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Embrace every moment as sacred time

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PLAINFIELD, NJ (October 11, 2009) - "At times relax outdoors where you can walk and see the sky; your prayer will suffer no loss because of this; it's necessary that we bear our weakness and not try to constrain our nature. Everything amounts to seeking God, since it is for him that we search out every kind of means, and the soul must be led gently." St. Teresa of Avila

It has always been my habit to stay up late at night, beyond the time when everyone else has gone to bed. It stemmed from having lots of little children in the house and very little quiet time, except when 12 little feet were tucked under the blankets.

So it is not unusual to find me at the piano, practicing a choral piece at 3 am. What I still find amazing is that I can sit down at the piano at midnight and, in what seems like only an hour, will get up to make some tea and discover it is almost daybreak.

Absorbed in something I love, there is often no sense of time.

Yet, earlier in the day, when I was trying to meet a deadline at work, with a dozen other responsibilities hanging over me, time seemed to be mocking me, an ever present reminder that I may never accomplish all that needs to be done.

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Time is a funny thing. It seems to move faster as we get older. And as it pulls us along, often at a pace that seems out of control, we struggle to be masters of those precious moments, sensing that, in addition to life and faith, time is one of the greatest gifts we have.

Time embraces life and nudges it to fullness; the flower from seed to petals; the butterfly from larvae to graceful wings; the child from embryo to adulthood. And within the womb of time rest the experiences, the formative encounters, which make us unique individuals.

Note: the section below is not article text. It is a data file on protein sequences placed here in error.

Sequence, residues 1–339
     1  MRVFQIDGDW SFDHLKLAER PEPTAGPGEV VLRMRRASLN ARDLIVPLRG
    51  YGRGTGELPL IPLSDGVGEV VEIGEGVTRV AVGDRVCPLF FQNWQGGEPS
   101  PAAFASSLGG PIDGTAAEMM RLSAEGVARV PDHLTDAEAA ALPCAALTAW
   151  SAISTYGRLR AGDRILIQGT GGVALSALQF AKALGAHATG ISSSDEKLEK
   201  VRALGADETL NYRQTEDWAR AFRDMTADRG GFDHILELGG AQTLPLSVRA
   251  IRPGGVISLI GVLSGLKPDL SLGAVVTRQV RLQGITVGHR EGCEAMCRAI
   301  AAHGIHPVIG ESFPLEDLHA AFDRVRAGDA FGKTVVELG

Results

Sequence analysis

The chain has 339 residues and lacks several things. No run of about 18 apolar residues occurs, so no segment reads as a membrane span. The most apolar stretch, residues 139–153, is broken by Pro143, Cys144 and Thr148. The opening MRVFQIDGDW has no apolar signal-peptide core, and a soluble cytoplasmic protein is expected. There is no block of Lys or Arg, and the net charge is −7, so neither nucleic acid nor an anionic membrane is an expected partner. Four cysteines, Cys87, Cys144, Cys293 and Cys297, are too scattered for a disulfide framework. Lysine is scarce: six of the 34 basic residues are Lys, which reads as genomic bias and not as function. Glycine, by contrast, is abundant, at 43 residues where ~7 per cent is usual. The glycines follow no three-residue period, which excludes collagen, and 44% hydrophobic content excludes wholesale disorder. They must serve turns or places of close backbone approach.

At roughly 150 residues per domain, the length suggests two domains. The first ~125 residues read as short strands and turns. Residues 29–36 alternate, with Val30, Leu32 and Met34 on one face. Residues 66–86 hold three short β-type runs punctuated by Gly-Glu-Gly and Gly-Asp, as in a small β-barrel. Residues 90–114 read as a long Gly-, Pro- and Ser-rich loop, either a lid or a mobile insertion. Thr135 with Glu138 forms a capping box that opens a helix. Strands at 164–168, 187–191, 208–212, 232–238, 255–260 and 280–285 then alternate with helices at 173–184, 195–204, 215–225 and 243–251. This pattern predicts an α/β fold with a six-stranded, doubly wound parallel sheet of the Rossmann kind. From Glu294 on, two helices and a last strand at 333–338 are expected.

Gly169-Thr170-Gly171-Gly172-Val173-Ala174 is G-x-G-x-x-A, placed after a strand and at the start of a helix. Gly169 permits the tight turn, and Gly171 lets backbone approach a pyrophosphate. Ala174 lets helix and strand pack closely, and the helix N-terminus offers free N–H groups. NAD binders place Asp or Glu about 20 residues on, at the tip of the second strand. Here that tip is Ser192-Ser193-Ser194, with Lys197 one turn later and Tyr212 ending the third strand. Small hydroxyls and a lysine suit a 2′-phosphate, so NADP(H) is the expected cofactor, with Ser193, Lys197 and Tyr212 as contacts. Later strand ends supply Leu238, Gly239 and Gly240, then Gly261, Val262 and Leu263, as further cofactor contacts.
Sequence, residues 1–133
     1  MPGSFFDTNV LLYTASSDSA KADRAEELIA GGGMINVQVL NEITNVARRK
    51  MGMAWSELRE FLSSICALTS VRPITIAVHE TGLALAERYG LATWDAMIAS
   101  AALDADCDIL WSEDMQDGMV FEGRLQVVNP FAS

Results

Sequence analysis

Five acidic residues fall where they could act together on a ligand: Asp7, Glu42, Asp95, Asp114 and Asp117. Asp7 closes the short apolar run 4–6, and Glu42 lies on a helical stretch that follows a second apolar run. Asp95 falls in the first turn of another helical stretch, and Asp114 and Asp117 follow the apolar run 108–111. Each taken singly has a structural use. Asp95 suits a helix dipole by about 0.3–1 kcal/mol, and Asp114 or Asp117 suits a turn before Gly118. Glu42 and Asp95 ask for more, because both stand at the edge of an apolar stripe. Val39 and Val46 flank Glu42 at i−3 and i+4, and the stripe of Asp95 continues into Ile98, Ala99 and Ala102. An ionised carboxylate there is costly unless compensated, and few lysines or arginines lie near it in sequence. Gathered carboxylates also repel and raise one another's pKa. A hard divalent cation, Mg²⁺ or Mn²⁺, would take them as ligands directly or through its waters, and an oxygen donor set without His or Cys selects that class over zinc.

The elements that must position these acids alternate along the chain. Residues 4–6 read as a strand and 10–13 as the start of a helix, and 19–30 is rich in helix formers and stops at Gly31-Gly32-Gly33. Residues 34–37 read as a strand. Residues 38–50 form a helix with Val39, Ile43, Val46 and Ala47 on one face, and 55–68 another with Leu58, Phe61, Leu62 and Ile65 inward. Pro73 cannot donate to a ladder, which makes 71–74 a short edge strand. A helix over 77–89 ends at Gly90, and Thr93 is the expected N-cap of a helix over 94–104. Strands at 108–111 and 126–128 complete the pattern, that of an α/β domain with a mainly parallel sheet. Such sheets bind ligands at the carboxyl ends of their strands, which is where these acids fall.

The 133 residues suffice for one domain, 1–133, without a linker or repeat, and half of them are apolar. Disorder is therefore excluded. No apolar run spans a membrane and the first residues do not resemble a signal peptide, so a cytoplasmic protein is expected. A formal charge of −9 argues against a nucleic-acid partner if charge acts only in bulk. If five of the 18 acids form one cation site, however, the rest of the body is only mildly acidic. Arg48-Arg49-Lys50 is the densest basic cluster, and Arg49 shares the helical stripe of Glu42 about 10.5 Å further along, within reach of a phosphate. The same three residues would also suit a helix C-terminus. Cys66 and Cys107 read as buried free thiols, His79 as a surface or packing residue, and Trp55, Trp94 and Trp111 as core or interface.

Perhaps, most profoundly, time provides the opportunity for forgiveness, for do-overs, for loving better; for surely, one of the deepest losses we face is the loss of time with a loved one. And when that loss is spurred by death, our lives are never the same.

Still, in the face of our mortality and heavily engaged in the temporal affairs of our lives, we often find the moments of our days slipping away, unnoticed and unfulfilled because we are caught up in too many things. It seems our lives are no longer organic, integrated with the world created by our God. In a world ruled by human technology, goals and objectives, our rhythms are no longer aligned with the rhythm of the seasons. We have become foreigners in a land created for our well-being, yet we wonder how our days have gotten so out of control.

How, then, can we reclaim time as a good?

There is a lesson in all the religions of the world. Sacred time.

Sacred time has the feel of those experiences of absorption, where the linear ticking of seconds disappears and our feelings of anxiety are balanced by a sense of peace.

Being mindful of the sacredness of time encourages us to be mindful of God, and nurtures awareness. Engaging in the rituals of our faith, surrounded by sacred symbols drawn from our ordinary lives - bread, wine, water, oil, flame - reassures us that all of life is sacred. The rhythm of the liturgical year reminds us that life must have a meaningful rhythm, as well.

We may turn also, to the wisdom of the saints, like Benedict, whose Rule included a construct of time that allowed for a necessary balance of prayer, work and leisure. For St. Benedict, the ordinary was so charged with the sacred that he wrote, "Regard all utensils as if they were the sacred vessels of the altar." Benedict wove within the lives of his monks, times of prayer throughout the day. When hearts and minds are so often turned toward God, an awareness of God at all times and in all places grows.

We ask you, humbly: don't scroll away.

Hi readers, it seems you use Catholic Online a lot; that's great! It's a little awkward to ask, but we need your help. If you have already donated, we sincerely thank you. We're not salespeople, but we depend on donations averaging $14.76 and fewer than 1% of readers give. If you donate just $5.00, the price of your coffee, Catholic Online School could keep thriving. Thank you.

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Or St. Teresa of Avila, whose wisdom shown through a poem both simple and profound in its grasp of time: Let nothing upset you, let nothing startle you. All things pass; God never changes.


Mary Regina Morrell is a free-lance writer and columnist living in New Jersey, sharing the blessings and challenges of life with her husband and six wonderful sons. Her website,, is currently under construction. Her email address is


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